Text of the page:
Maryland point guard Anthony Cowan Jr. acknowledges that the disappointment of last season lingers more than five months after it ended.
“It leaves a very bad taste, and I think it’s important to make sure you keep that bad taste,” Cowan said Thursday. “I don’t think it’s something that you should just forget about. When teams lose or just don’t make the tournament, I think they always try to make it a ‘next year’ type deal.
“I think it’s important to just keep reiterating that we didn’t make the [NCAA] tournament, so we’ve got to do something different or we’ve just got to work a little harder. Something’s got to change. I think that’s one of my jobs, just make sure everyone stays level-headed. We haven’t made anything yet. We haven’t done anything yet.”
For the first time since leaving the court at New York's Madison Square Garden on March 1 after losing to Wisconsin in the Big Ten tournament to finish a 19-13 season, the Terps will travel nearly 4,500 miles to play their next game. It will come Monday in Rome, part of a three-game, 10-day trip to Italy.
Despite the return of three starters — Cowan, a junior who was named third-team All-Big Ten, sophomore center Bruno Fernando, who was named to the league’s All-Freshman team, as well as sophomore guard Darryl Morsell (Mount Saint Joseph) — this year’s team already looks a lot different.
At least two members, and possible three, of a five-player freshman class that is ranked higher (No. 7 overall by 247Sports.com) than any of coach Mark Turgeon’s previous seven recruiting classes will likely start for the Terps this season. It makes the extra court time this summer even more crucial.
“This is really good timing for us,” Turgeon said Friday. “Today was Day 9 we’ve had with them. We’ve gotten a lot in. They’ve been very coachable. They’ve been fun to coach. The chemistry has been good. We could use 20 days and two Italy trips, but we’ll take what we got."
With the 10 additional practices allowed under NCAA rules for teams going on foreign tours — along with the 16 hours of summer practice time allotted for all Division I teams — Turgeon and his staff have been able to put in more of his system than in past years.
“I’ve probably overwhelmed them so it will be a little easier in October,” Turgeon said. “Not really concerned if we lose in Italy or not. It doesn’t go on our record. It doesn’t hurt us for the NCAA tournament. … It’s just them getting a feel for me, me getting a feel for them. I feel like we’ve gotten a lot done.”
While Jalen Smith, the No. 10 ranked high school player in the country by ESPN, has lived up to the expectations that followed him from Mount Saint Joseph, freshman point guard Eric Ayala has clearly exceeded what Turgeon and others thought the Terps were getting from a player who took a postgraduate year at the IMG Academy in Florida after finishing his high school career in Delaware.
“Eric’s better than I thought,” Turgeon said of the 6-foot-5, 180-pound Ayala, who was ranked 97th overall by ESPN. “Eric’s gotten a lot better. His postgrad year really helped him. Eric’s a really good leader, he knows how to find guys. He's got good size, he’s got great toughness. He’s a better scorer than when I signed him.”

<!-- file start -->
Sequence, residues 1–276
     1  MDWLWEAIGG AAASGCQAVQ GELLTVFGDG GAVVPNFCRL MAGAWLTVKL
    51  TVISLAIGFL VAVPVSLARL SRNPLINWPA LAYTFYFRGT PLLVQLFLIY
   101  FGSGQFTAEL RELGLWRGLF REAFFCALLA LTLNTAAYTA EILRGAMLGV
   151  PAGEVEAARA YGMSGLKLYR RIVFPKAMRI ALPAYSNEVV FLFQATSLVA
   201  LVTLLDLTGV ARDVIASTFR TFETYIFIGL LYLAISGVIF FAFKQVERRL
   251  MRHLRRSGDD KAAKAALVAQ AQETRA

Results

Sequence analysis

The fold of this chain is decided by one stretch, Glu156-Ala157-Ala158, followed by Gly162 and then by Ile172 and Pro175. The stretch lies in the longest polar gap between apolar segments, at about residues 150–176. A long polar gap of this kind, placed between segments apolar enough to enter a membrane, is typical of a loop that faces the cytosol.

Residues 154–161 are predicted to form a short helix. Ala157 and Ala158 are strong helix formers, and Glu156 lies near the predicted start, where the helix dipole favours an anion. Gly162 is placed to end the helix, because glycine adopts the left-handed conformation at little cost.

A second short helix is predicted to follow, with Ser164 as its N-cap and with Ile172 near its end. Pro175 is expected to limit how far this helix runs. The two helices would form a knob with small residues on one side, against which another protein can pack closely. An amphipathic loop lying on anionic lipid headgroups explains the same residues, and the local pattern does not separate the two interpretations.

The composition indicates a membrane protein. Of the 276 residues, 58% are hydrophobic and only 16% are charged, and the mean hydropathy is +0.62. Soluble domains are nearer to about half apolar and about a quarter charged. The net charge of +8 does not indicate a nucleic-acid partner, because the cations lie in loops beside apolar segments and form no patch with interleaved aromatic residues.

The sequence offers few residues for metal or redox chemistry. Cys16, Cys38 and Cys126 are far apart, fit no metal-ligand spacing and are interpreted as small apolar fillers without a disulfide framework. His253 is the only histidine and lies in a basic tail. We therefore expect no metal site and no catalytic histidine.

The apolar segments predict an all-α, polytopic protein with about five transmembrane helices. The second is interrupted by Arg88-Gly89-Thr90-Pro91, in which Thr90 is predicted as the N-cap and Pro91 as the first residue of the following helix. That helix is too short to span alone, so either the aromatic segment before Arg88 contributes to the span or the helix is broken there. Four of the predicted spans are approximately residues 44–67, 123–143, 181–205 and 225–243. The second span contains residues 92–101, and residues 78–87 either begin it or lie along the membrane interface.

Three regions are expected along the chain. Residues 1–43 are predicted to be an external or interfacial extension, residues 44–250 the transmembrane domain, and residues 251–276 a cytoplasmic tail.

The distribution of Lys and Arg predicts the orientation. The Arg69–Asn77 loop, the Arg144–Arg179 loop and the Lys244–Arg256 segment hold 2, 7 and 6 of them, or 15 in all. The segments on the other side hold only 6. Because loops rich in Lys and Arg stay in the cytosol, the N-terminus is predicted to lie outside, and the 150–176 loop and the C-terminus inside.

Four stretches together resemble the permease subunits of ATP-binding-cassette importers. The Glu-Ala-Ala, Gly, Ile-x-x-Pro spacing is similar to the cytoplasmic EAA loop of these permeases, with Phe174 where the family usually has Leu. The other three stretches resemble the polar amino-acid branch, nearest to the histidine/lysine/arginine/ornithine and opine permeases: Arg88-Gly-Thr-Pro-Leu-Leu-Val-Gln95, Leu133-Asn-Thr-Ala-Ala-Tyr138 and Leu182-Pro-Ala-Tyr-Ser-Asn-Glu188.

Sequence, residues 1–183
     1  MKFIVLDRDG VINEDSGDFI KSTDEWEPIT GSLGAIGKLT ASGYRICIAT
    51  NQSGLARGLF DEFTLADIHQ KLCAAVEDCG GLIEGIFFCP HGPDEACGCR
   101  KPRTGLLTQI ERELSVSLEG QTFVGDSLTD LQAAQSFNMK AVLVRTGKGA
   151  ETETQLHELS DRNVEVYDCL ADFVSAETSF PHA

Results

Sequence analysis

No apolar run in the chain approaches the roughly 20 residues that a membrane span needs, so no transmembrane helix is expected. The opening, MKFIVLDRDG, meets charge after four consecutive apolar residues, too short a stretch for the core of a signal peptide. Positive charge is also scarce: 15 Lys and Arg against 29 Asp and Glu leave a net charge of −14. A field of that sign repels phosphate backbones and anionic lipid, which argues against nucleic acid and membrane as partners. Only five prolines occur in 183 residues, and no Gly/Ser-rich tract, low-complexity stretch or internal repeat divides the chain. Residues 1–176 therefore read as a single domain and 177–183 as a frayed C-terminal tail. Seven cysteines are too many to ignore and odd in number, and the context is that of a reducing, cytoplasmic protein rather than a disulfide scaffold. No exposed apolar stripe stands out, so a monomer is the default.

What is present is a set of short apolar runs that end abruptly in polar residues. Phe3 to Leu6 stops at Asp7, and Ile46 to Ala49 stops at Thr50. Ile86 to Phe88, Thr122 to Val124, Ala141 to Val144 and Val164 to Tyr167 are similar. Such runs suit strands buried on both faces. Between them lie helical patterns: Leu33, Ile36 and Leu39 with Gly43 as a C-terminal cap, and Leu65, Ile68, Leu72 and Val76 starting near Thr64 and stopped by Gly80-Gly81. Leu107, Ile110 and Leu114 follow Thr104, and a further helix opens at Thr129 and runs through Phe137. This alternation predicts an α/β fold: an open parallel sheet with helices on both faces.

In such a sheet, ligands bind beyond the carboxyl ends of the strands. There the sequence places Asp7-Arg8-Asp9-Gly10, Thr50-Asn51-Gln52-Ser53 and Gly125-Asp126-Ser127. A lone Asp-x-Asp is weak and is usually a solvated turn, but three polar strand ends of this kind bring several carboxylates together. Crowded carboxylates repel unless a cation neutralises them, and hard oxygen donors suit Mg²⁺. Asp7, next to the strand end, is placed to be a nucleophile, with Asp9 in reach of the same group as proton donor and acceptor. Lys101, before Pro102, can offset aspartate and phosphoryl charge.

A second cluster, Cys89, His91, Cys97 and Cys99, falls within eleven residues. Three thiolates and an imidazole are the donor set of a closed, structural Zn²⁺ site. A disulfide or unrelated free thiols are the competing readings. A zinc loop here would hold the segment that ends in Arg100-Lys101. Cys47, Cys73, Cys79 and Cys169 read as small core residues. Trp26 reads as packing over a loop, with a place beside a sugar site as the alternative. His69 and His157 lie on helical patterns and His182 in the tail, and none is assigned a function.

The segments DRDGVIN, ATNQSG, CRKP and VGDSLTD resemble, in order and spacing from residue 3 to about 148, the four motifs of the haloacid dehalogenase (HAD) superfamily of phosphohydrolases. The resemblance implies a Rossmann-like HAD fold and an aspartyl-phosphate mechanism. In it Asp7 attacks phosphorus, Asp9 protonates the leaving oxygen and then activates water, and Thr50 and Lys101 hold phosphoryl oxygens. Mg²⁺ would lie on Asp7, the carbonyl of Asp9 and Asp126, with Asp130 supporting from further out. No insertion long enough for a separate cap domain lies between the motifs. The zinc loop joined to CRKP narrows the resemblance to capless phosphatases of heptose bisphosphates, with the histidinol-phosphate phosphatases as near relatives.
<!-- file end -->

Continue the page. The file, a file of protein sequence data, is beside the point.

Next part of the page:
Ayala will give Turgeon the flexibility to move Cowan, the team’s leading scorer last season, off the ball. It could be reminiscent of two years ago, when Cowan’s arrival pushed then junior Melo Trimble to be more of a scoring guard. Ayala is certainly more physically mature than Cowan was — and possibly still is — with his full-grown beard adding to that older-than-he-looks persona.
“He’s very poised. He’s picking up things a lot faster than I thought he would, especially like plays or just little things that Turgeon likes his guards to do,” Cowan said. "You can kind of tell he’s a little bit older.”
The added depth provided by Ayala and two other freshmen, 6-6 wing Aaron Wiggins and 6-4 guard Serrel Smith Jr., will also allow Turgeon to rest Cowan and Morsell more than he was able to do last season or when Cowan was a freshman. The team faded down the stretch both years.
After being a perimeter-oriented offense for the past two seasons, the departure of shooting guard Kevin Huerter (No. 19 overall to the Atlanta Hawks) and forward Justin Jackson (No. 41 by the Denver Nuggets and traded to the Orlando Magic) to the NBA draft could change the approach with the arrival of Smith and the expected maturation of Fernando.
The offensive versatility of the 6-10, 195-pound Jalen Smith and the 6-10, 245-pound Fernando, as well as their length and intensity on the defensive end, could give Turgeon even more of an inside presence than the Terps had when Robert Carter Jr. and Diamond Stone helped Maryland reach the Sweet 16 in the 2015-16 season.
“We’re playing a little differently because they’re such a presence for us,” Turgeon said. ”Defensively, with their length and size, they’re really going to cover up a lot of our mistakes. … Those two guys with their size are going to be interchangeable for us. They’re going to be fun to coach. They’re feeding off each other and they’re working together.”
Fernando, who opted to return for another year after performing well at the NBA draft combine in Chicago in May, said that, "[Jalen Smith] coming in and playing with me in the same lineup will be a beneficial for us as a team because me and him can do a lot of stuff that other teams can’t do.”
Admittedly, the Terps have something in common to work on before they leave for Italy.
Asked how much he’s worked on his Italian, Fernando started to speak, stopped and then said, sheepishly, “Mi chiamo, Bruno. I’m still learning. I’ve got a piece of paper I'm reading every day.”